Carl Lewis is still the face of track and field
In a brightly lit stadium on a summer night in Tokyo, Carl Lewis and seven of the fastest men in the world stood side by side surrounded by thousands of onlookers when the shot rang out.
It was go time.
On that Sunday during the 1991 World Championships in the Japanese capital, Lewis ran a 9.86 100-meter dash, beating the previous world record set by American sprinter Leroy Burrell.
Lewis, a Houston alumnus and now assistant coach of the Cougars under head coach Burrell, represented the United States and UH in four Olympic games. He has amassed 10 Olympic medals and 10 World Championship medals.
“This past August, it would have been 40 years since I walked on campus in Houston,” Lewis said in an interview with KRIV (Channel 26). “It’s obviously been my home. Everything that’s great that has happened to me as an adult has happened in Houston.”
Now, Lewis is set to be recognized in January with an induction into the Houston Sports Hall of Fame, about 22 years after he was inducted into the UH Athletics Hall of Honor in 1998.
“I mean, being in the Hall of Honor at U of H and now to be in the Hall of Fame at Houston with some of the greatest people in world history, not just the city of Houston,” Lewis said, “I’m really, really honored.”
He began running for Houston in 1979 under head coach Tom Tellez and qualified for the 1980 Olympics but could not compete due to the Olympic Boycott.
Lewis won nine Olympic gold medals and one silver medal in his career. He dominated the 1984 Olympics in Los Angeles by earning gold medals in all four of his categories: the 100-meter, 200-meter, 4×100-meter relay and long jump.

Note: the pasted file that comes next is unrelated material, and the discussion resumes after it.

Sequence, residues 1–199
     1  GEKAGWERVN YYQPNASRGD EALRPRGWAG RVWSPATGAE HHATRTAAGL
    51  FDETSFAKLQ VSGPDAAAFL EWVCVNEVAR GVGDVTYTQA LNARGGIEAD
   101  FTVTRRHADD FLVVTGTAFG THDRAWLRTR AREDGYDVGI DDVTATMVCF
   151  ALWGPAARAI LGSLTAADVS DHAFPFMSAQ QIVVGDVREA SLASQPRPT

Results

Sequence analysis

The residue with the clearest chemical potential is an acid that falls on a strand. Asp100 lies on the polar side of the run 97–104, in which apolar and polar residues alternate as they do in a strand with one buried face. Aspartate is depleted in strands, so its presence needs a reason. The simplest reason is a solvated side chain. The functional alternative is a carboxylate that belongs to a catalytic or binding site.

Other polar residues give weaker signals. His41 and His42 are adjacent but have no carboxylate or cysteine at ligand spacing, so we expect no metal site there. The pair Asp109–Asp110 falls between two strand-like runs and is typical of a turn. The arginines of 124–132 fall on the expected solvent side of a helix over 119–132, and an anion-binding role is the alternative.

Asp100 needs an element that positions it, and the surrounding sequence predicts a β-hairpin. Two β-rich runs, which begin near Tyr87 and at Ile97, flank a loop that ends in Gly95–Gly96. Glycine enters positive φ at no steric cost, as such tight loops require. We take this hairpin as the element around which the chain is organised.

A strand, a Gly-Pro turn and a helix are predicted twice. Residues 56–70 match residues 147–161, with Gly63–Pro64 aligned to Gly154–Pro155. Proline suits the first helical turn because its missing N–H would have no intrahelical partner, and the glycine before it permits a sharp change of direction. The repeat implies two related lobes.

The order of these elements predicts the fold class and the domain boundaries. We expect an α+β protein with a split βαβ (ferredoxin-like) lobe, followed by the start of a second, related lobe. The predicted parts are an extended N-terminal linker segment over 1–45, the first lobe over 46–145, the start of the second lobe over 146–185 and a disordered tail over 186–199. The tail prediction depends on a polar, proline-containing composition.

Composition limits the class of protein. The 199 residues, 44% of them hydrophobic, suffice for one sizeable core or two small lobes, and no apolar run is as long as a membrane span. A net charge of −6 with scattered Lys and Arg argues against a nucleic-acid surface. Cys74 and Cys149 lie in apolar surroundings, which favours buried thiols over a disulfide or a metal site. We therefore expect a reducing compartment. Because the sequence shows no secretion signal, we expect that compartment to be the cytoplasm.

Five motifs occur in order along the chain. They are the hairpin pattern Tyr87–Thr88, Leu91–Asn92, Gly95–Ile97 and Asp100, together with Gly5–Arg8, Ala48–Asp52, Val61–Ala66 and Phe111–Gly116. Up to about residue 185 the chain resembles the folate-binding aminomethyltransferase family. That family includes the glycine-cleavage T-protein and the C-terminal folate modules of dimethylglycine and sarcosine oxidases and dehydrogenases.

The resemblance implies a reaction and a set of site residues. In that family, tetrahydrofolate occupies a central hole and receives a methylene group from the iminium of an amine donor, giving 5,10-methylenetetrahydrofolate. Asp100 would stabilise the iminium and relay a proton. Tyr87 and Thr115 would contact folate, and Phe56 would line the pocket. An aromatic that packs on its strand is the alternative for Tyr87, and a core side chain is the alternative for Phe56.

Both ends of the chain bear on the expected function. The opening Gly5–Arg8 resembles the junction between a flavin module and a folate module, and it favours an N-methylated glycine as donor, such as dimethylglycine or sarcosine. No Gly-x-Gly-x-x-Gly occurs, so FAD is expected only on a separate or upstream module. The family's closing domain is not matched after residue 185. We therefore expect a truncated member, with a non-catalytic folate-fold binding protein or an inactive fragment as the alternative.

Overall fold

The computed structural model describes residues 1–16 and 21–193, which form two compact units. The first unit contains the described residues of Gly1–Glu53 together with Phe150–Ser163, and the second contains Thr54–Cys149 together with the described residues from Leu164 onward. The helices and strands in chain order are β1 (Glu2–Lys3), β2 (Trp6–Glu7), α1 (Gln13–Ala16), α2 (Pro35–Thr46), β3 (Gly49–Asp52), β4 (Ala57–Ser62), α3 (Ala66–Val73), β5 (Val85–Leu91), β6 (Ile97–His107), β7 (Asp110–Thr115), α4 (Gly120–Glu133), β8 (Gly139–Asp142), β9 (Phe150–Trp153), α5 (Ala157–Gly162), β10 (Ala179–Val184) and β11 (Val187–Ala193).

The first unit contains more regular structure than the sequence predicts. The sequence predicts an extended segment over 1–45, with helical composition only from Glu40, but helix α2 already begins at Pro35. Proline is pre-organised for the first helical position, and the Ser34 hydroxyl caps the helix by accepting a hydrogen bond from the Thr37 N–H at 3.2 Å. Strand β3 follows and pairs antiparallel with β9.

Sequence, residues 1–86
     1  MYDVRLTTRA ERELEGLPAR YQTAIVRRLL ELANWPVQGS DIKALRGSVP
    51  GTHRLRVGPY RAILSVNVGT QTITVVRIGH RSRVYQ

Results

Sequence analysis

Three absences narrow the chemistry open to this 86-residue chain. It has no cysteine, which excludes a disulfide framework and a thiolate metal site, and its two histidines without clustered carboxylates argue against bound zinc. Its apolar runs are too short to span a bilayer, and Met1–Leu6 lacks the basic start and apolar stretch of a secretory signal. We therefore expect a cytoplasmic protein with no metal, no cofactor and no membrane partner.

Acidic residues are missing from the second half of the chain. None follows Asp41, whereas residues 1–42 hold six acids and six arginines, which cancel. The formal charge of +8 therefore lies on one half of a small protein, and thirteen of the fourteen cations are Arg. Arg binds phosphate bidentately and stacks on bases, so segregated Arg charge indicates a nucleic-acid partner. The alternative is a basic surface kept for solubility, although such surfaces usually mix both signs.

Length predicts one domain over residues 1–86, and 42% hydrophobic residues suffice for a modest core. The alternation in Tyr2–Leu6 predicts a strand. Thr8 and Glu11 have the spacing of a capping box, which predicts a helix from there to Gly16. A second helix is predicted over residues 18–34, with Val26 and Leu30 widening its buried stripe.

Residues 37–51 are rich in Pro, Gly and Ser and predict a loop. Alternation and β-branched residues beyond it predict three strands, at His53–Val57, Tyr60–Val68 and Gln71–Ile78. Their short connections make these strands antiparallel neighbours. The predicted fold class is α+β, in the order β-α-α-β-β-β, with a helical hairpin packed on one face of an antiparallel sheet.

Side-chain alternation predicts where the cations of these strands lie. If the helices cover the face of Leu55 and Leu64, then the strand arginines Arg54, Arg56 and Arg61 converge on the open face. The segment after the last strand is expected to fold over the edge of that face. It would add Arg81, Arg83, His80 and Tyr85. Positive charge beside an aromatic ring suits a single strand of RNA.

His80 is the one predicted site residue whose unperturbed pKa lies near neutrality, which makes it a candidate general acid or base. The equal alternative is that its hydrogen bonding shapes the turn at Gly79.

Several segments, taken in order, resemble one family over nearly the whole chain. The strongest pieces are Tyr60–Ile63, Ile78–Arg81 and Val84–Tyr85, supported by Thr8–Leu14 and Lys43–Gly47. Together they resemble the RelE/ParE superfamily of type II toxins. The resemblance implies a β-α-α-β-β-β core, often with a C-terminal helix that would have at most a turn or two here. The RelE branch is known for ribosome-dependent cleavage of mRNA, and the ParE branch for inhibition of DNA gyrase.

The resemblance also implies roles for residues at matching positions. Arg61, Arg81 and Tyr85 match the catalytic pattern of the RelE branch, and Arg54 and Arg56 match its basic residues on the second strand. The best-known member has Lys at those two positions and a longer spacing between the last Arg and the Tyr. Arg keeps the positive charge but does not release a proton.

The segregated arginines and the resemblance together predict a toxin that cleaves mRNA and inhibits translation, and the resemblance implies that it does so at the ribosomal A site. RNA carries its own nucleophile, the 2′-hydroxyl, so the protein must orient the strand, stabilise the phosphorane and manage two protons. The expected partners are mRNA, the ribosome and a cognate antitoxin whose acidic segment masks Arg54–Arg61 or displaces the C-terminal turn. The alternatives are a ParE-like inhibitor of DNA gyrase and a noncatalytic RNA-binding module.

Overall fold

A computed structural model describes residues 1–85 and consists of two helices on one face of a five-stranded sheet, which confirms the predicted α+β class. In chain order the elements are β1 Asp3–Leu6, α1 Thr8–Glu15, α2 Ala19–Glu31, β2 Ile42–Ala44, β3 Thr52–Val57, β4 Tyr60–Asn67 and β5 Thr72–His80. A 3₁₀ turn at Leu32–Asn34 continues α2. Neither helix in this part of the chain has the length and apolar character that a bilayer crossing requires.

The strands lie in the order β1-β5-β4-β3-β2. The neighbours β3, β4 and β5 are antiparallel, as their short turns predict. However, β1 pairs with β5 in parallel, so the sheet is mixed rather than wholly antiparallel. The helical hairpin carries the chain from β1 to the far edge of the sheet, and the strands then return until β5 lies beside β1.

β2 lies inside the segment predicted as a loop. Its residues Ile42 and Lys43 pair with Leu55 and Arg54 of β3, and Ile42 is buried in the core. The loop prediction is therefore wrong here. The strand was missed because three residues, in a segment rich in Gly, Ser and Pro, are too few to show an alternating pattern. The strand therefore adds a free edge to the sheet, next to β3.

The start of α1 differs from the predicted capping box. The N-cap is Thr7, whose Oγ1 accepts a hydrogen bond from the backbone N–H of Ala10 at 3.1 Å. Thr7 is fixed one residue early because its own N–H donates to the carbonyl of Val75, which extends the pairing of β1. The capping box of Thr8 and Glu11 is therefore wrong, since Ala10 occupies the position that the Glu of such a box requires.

Then 35 years old, Lewis won his last gold medal in the 1996 Atlanta Olympics, where he surpassed Mike Powell and Joe Greene, who were among the best long jumpers of the time. This was Lewis’ fourth consecutive gold medal in the long jump category.
Lewis retired from professional track and field the next year, and he has since turned to coaching. He is in his fourth season as a full-time assistant for the Cougars.
“You can definitely tell he’s very passionate about track and field still,” said senior sprinter Jermaine Holt. “He still loves the sport.”
Holt has trained with Lewis since joining the program in 2018. While Lewis primarily coaches, Holt said he also has a lot of wisdom to share with his aspiring athletes.
“Every track athlete’s dream is we want to go professional for this, and one thing he did teach me was there is a lot more to becoming professional rather than just running fast,” Holt said. “He introduced the idea that opened my mind up to how I can better brand myself as not just an athlete but as an individual.”
During his time as a professional athlete, Lewis’ performance brought a lot of attention to the sport, Holt said, and he believes that with the awards he has accumulated, Lewis is more than deserving to be recognized in the Hall of Fame.
“On top of what he has done for the sport, he also has given back because he’s still coaching, he still travels, speaks,” Holt said. “He tries to still push track to the next level in terms of publicity and how the sport is viewed.”
For many in the sport, Lewis left his mark. For Holt, there’s a lot to live up to considering Lewis’ legacy.
“He’s not even running anymore, but when you think track and field, you still think Carl Lewis,” Holt said. “So, it made me really think about myself and figure out what I can do within this sport to reach that same status as an athlete.
“Basically, he set quite a high standard.”